Understanding and addressing gender, class, and racial disparities in college enrollment
Enrolling in and completing college is the most reliable pathway to economic mobility in the United States, but access to post-secondary opportunities is not equal for youth from all family backgrounds. New research by the Center on Children and Families examines how college enrollment rates vary depending on gender, socioeconomic status, and race or ethnicity and the role that differences in academic preparation through high school play in explaining differences across groups. What does research say about the barriers facing students growing up in socioeconomically disadvantaged families or from historically excluded racial and ethnic backgrounds? Why have boys been falling behind in college enrollment? What can be done to address unequal access to college? What additional research is needed?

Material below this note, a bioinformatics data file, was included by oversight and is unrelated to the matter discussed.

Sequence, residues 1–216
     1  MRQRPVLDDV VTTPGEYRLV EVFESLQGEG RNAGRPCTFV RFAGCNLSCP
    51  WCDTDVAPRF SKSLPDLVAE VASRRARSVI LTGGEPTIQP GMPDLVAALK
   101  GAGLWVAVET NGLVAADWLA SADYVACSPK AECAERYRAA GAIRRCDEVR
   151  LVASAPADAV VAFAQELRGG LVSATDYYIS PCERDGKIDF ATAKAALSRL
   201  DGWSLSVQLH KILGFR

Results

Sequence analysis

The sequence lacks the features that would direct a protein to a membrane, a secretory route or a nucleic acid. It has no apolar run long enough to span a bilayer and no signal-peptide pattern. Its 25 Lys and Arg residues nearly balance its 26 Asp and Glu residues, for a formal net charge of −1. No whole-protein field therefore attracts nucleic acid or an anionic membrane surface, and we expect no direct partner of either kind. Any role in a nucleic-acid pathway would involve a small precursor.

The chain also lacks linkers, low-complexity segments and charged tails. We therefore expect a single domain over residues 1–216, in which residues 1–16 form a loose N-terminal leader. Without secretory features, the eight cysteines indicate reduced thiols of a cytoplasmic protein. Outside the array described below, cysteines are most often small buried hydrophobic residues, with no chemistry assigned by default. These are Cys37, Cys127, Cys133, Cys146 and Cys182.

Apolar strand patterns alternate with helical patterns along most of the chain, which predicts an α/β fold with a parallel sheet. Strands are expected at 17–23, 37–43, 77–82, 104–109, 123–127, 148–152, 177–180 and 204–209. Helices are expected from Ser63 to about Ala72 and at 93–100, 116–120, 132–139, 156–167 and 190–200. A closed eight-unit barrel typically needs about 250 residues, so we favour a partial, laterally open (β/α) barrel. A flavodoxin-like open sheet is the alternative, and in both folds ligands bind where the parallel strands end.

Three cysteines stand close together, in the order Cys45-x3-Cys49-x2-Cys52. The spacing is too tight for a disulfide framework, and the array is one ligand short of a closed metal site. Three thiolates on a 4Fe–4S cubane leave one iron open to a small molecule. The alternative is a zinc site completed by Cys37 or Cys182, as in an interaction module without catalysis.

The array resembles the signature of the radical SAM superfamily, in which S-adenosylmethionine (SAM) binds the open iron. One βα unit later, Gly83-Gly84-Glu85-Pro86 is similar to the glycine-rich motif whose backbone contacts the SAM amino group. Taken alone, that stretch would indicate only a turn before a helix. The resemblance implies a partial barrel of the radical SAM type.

On Monday, January 23, the Brookings Center on Children and Families held an event addressing these questions, featuring a presentation of findings from a new report on understanding the role of academic preparation in disparities in college enrollment by socioeconomic status, gender, and race, followed by a panel of experts who discussed the findings of the report and future directions for both researchers and policymakers.
Viewers can send questions to email@example.com or via Twitter using the hashtag #CollegeEnrollment.
Welcome and introduction
Former Brookings Expert
Resident Scholar - American Enterprise Institute
Assistant Professor - University of Pennsylvania
Associate Professor - Brown University
Richard V. Reeves
John C. and Nancy D. Whitehead Chair
Senior Fellow - Economic Studies
Fellow - Governance Studies, Brown Center on Education Policy
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